Public dissent by directors should be encouraged, not penalized. If we don’t learn where directors stand on the issues and how they differ from each other, how do we know who to vote for? Two actions by CalPERS fifteen years apart are instructive.
The influential trade publication, Pensions & Investments (P&I), published an important editorial in its October 27, 2014 edition entitled, Suppression of dissent shouldn’t be a core value. P&I criticized a recent action by the CalPERS board to discipline one of its directors for speaking out for publicly dissenting on the merits of a recent staff appointment. That action sets a very bad example with regard to corporate governance and dissent by directors at public companies.
Should Warren Buffett be censured by Coca Cola for speaking out on his abstention regarding the say-on-pay vote? (see Fiduciary Duty to Announce Votes (Part 1): Editorial Calls For Advanced Disclosure)
OK, maybe that’s not the best example, since Warren Buffett isn’t on the Coca Cola board (his son is). But I think readers get the picture. This most recent action at CalPERS reminds me of a similar move by the CalPERS board 15 years ago. The president and staff had clearly violated CalPERS regulations and in all probability Government Code section 19990, which prohibits
Using the prestige or influence of the state or the appointing authority for the officer’s or employee’s private gain or advantage or the private gain of another.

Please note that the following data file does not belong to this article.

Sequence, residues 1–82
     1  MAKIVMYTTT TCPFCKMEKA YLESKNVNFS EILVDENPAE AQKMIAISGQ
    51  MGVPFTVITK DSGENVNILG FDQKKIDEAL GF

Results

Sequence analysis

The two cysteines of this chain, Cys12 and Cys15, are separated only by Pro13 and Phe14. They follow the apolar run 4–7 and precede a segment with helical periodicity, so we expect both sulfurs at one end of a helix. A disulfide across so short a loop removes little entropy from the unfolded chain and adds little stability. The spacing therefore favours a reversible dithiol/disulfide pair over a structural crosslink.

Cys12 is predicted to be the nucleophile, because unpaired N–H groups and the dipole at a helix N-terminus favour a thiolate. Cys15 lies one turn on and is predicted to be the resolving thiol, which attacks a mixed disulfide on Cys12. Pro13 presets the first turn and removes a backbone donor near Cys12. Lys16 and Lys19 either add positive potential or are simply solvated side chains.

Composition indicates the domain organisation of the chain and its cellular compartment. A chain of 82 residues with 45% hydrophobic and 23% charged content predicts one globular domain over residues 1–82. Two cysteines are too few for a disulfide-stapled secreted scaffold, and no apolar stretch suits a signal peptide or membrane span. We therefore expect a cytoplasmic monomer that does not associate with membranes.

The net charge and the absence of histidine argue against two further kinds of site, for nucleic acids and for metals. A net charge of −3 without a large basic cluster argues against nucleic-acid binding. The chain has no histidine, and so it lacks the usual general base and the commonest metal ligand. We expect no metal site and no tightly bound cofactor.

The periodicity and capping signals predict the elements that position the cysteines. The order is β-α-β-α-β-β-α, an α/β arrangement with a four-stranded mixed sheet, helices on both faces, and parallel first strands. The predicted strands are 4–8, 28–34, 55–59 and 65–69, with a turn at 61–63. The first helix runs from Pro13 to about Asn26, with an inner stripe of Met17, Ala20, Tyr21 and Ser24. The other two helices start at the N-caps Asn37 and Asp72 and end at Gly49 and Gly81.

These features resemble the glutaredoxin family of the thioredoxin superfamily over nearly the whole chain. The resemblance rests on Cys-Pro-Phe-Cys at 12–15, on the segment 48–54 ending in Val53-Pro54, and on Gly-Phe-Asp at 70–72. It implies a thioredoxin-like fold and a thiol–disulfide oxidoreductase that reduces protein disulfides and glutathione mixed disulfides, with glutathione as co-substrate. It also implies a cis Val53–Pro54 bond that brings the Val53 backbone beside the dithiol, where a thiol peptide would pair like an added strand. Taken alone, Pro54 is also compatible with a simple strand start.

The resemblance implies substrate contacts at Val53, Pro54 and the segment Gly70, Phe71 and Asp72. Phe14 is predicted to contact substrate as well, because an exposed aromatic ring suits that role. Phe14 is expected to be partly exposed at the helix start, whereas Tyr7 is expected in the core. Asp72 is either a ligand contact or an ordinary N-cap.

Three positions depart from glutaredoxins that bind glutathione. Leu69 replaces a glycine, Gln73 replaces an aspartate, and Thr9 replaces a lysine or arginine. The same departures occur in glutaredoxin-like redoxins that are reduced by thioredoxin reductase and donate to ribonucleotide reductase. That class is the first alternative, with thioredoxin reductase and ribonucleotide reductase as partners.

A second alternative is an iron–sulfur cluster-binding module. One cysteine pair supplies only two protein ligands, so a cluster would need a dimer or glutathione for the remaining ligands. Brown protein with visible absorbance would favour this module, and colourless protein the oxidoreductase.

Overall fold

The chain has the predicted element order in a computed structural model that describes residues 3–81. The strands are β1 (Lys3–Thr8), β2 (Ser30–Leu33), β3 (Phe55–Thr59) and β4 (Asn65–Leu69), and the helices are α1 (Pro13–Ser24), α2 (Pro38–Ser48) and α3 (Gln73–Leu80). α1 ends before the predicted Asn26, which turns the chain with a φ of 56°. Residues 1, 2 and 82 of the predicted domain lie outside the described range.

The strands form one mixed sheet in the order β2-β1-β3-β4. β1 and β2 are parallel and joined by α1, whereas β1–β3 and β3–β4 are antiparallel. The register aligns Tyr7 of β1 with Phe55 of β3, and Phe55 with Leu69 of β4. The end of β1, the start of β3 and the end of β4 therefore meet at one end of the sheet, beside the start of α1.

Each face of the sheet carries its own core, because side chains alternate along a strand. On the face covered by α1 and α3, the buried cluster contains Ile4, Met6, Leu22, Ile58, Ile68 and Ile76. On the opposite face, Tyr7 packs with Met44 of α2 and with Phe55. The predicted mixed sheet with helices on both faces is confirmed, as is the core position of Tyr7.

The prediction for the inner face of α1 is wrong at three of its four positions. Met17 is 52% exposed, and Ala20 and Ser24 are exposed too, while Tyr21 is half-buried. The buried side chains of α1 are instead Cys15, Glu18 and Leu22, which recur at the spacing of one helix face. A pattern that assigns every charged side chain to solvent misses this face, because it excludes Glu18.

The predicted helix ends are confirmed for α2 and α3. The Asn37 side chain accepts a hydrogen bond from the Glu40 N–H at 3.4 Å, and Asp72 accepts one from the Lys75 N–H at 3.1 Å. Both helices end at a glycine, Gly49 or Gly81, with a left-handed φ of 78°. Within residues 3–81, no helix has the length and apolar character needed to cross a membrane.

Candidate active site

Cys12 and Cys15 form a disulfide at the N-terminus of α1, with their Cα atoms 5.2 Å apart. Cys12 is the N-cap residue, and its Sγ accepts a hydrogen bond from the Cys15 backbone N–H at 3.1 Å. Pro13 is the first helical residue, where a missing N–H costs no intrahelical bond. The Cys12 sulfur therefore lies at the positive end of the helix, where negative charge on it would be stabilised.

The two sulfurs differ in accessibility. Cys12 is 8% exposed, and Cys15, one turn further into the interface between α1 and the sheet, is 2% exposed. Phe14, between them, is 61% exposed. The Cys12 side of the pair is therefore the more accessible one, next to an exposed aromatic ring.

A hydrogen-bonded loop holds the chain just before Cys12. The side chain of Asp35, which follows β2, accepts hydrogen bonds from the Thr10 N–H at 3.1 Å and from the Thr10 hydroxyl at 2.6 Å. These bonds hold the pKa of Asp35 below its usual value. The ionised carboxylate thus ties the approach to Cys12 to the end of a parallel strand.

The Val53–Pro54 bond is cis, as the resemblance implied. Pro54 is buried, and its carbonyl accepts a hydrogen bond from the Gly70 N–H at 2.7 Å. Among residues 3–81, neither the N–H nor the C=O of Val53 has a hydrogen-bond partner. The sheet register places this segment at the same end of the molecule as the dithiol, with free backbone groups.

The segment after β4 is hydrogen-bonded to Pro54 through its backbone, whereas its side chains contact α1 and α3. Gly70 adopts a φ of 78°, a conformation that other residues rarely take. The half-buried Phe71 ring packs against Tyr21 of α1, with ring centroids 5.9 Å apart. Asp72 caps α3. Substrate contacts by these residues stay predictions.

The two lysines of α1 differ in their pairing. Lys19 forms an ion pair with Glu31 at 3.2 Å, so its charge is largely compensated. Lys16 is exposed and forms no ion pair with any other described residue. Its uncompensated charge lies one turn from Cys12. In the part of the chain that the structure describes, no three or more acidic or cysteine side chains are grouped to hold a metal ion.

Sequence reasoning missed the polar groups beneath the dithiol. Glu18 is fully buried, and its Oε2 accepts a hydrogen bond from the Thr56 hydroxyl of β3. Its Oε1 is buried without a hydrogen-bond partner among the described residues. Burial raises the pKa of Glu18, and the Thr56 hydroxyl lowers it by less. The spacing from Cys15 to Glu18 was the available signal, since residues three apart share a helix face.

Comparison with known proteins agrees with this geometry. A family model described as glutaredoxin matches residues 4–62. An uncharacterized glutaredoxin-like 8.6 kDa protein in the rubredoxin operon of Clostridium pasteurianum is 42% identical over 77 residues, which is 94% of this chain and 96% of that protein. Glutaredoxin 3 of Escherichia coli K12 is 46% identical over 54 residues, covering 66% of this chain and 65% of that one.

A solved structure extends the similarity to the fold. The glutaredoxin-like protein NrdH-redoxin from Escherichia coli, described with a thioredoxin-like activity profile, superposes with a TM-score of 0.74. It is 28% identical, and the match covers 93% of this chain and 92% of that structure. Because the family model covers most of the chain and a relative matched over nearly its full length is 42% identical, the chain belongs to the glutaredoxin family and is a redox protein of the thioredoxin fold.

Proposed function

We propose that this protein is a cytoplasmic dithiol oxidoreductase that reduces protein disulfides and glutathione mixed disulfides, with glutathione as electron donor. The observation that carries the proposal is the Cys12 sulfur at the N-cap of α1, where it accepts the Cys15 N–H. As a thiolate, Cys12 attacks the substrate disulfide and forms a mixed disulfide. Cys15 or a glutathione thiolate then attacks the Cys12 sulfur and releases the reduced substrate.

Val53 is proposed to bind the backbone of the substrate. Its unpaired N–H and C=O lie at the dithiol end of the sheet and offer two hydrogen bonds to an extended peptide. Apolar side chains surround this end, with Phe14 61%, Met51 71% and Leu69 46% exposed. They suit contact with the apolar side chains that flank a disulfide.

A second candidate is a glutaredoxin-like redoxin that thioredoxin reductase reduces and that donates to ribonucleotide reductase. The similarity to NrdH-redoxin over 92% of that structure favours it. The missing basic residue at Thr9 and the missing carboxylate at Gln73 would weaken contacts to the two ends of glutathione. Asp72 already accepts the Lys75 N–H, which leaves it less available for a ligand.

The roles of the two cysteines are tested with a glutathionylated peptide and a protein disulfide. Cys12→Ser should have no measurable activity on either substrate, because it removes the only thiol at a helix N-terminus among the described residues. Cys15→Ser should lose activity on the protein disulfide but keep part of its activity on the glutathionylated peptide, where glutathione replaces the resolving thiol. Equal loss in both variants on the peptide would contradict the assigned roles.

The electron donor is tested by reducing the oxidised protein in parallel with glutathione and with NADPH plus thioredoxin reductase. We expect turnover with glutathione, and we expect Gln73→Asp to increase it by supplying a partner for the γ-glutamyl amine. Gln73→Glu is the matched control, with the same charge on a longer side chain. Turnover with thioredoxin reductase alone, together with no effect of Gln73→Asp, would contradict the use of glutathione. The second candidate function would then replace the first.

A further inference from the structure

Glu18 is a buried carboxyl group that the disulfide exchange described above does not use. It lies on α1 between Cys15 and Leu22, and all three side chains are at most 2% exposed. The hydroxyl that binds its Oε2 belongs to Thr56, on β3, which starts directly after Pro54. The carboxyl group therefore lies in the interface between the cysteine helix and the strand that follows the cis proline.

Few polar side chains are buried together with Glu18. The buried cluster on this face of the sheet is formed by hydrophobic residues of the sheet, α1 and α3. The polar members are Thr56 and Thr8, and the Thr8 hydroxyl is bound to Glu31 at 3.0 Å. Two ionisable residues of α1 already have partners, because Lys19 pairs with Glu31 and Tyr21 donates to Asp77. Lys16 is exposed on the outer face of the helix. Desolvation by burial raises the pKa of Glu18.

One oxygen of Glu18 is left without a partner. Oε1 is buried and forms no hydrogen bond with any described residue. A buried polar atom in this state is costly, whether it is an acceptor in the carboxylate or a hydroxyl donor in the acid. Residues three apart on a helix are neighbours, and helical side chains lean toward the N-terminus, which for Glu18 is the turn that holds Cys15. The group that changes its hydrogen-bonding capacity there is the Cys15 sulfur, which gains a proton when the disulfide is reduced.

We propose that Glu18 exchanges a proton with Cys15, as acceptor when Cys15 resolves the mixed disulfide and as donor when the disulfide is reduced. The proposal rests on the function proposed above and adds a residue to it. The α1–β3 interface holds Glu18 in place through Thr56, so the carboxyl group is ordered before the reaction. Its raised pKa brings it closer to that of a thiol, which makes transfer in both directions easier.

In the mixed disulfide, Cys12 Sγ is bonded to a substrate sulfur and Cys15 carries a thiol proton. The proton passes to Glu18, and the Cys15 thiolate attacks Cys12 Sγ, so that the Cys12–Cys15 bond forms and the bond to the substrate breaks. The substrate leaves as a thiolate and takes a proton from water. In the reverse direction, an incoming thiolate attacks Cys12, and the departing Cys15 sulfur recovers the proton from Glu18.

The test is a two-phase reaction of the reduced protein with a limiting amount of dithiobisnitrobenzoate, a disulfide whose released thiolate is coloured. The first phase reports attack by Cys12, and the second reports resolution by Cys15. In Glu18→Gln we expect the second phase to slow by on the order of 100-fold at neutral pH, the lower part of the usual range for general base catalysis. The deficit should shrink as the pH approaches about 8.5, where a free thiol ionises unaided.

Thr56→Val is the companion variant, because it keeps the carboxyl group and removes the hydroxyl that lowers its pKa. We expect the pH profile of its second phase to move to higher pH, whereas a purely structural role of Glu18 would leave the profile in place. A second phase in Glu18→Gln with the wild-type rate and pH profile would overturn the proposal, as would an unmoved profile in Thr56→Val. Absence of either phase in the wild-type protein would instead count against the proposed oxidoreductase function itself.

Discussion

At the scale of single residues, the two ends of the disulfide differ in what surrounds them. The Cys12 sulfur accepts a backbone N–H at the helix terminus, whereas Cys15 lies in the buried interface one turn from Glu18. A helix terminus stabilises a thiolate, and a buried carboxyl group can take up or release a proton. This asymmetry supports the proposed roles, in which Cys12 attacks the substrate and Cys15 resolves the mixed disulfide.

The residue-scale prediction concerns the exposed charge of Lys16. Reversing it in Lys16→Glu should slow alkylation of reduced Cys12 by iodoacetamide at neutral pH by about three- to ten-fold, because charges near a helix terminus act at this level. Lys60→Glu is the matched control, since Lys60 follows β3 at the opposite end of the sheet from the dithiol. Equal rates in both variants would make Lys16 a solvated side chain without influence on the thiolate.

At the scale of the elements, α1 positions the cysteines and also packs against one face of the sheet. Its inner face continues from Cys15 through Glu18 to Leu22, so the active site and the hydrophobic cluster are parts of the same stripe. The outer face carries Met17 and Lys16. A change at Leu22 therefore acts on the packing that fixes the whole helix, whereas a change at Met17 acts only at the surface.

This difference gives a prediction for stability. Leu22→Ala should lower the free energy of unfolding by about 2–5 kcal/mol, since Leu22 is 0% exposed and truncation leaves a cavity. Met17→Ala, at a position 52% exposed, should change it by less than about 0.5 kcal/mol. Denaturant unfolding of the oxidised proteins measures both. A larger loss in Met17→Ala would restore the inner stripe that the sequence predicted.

Staff allowed the president to rewrite his candidate statement after reading mine, even though regulations clearly prohibited any such edits. I had criticized him for accepting gifts and for other behavior, which I believed to be unethical. The election wasn’t overturned because the rules required demonstration that I would have won, had the violation not occurred. While that rule may protect against ballot stuffing, it doesn’t protect against compounded unethical behavior.
Fifteen years ago, the board took no action against a member who clearly violated their own rules, if not the law – but they did take an action to discourage future dissent by directors, and did so preemptively. They attempted to prohibit candidates for the board from dissent by banning any criticism of board members or even expressing any position on “issues of general concern to the system’s membership.”
Fortunately, the Sacramento Bee ran an editorial critical of the board’s action and it was rescinded. I hope the P&I editorial also results in rescinding the board’s latest attempt to muzzle dissent by directors.
I reproduce both editorials below because CalPERS must be a shining example of best practices with regard to board governance if it hopes to continue to positively influence corporate governance. Governance at CalPERS is far better than it was 15 years ago but this latest behavior reminds us of the positive role of editorials and dissent by directors, as well as the importance of public opinion. In Nell Minow’s unforgettable words,
Boards of directors are like subatomic particles–they behave differently when they are observed.
CalPERS’ reprimand of a board member for publicly criticizing the hiring of Theodore “Ted” Eliopoulos as its chief investment officer is unacceptable.
The California Public Employees’ Retirement System is, after all, a public institution. As a result, it needs to act in a transparent manner.
In elevating Mr. Eliopoulos, it was not as forthcoming as it should have been in describing the board’s decision.